The Streaker, whether clothed or nude, is sports' most vulnerable creature
I ask you, friends: Are people who jump down from the stands, run around the field/course/court like idiots, and bring a halt to a game...not people? Do they not bleed red blood like you and me? Are they not deserving of mercy, bedeviled as they are by drunkenness and stupidity and a crushing desire for temporary fame?
This guy decided to streak (I use that word regardless of the person's state of dress, because as far as I know we don't have a word to distinguish between naked and clothed streaking) at a CFL game, and look what happened to him:
Then this guy made the same move during a rain delay at the College World Series:
A few thoughts:
1. Streakers need to start using some defensive maneuvers. You can't just sit there and let someone have a free shot at you! Try a damn spin move!
2. Have we just decided that violent assault is totally cool now if someone streaks? I'm not necessarily saying I want that player or that security dude prosecuted, but is it really necessary to use that much force? I say it's excessive!
3. I get that the ultimate trump card here is the deranged Steffi Graf fan who stabbed Monica Seles, and I guess that's the standard by which we're judging the potential threat of anyone who leaps from the stands. But at this point, with thousands and possibly tens of thousands of non-stabbers set against one stabber, can't we adjust? Maybe I'm naive. Maybe I'm living in fantasy world. Maybe these people deserve to be maimed. But a fellow can dream, can't he?
4. However, if any streaker gets even remotely close to my precious New York Yankees, there should be someone on site to take them down. And if one approaches Rafa Nadal, I think napalm is in order.
5. Aside from those hypotheticals, I'm declaring the streaker America's newest revolutionary. Considering the danger involved, these men are national heroes. We finally have our Che Guevara.
The Ultimate Event Redeemers of the Week: Mexico
Before Mexico took down Germany, here was the one paragraph summary of the World Cup from the mind of a non-soccer fan who watches every two years for the Euros and the World Cup:
No America, which means I can't annoy my soccer friends with the delusional insistence that we're going to win this time, and no going crazy and spilling beer on everyone when we have our one good moment. The favorites mostly winning, and every European team either winning against an non-Euro opponent or tying each other. (Seriously, in Euro vs. non-Euro matches, the Euros were 5-0-1.) Messi letting everyone down. Every African team losing. Cristiano Ronaldo being unfairly good at his job for someone so good-looking. Predictability everywhere.
Then Mexico came along, and they beat the evil Germans—defending World Cup champs—with this goal:
Not only that, but they seemed to totally outplay the Germans, and probably should have finished with three or four goals. It was terrific, and I absolutely loved this shot of a group of Mexican fans surrounded by sullen Germans cheering at the Brandenburg Gate:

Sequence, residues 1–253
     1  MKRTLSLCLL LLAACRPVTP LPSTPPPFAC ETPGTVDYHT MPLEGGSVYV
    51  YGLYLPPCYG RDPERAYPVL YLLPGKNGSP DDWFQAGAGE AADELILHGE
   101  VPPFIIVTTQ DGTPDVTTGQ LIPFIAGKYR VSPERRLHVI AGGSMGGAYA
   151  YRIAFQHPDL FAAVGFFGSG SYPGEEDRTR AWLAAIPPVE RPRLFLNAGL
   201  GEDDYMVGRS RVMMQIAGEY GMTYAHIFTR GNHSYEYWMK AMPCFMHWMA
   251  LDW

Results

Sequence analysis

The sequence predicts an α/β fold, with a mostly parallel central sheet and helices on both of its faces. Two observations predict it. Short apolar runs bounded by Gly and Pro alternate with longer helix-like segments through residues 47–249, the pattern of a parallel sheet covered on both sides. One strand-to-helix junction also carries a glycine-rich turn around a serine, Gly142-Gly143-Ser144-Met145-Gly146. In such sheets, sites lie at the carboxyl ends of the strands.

This is, quite literally, the only good moment of the World Cup so far. Right now I'm half-watching Sweden and South Korea fight to a boring 0-0 halftime tie, and later we'll get to watch England attempt not to embarrass itself against Tunisia. But Mexico? That was a very good moment. And even though they'll almost surely flame out later in the event and we'll have to watch some horrendous 0-0 penalty kick war of attrition between two European sides in the final, I'm glad it happened.
Best Anti-Phil Mickelson Take of the Weekend: John Hopkins, Very British Man
The reaction to Phil Mickelson stopping his own putt at the U.S. Open, which was both hilarious and not really that big a deal considering he was roughly 89 over par at the time, was comically melodramatic. Nobody can get their metaphorical undergarments in a bunch like golf media, and suffice it to say that I don't agree with the take that Phil Mickelson has ruined his legacy. Enough said on that front.
HOWEVER, if you are going to take Phil to task, Global Golf Post's John Hopkins did it the right way. And the very British way:
Like I said, I don't agree with the take at all, but after listening to that bit of invective, which was part understatement and part vicious chastening mixed with just a hint of residual colonial pomposity, I'm ready to throw Phil in the king's debtor prison, where he shall languish and rot for a fortnight. Place his four limbs on the four walls of the kingdom as an example to the Caledonians!
The "You Think Conditions Are Bad at Shinnecock? Hold My Beer" Golf Course of the Week:
Meanwhile, in Scotland...
The Resilient Athlete of the Century: This Horse
This racehorse FELL, half-dumped his jockey, and then...well, watch, starting at the 1:10 mark:
As someone who has unfortunately seen a horse fall living during a race, I know firsthand that it often means a swift trip to the glue factory. One of my childhood traumas involved a trip to Saratoga when they had to bring on the scrim and put the horse out of its misery. Not fun! But to fall, get up, keep the jockey on your back and win? Des De Jeu (English: "The Game") is the Louis Zamperini of horses.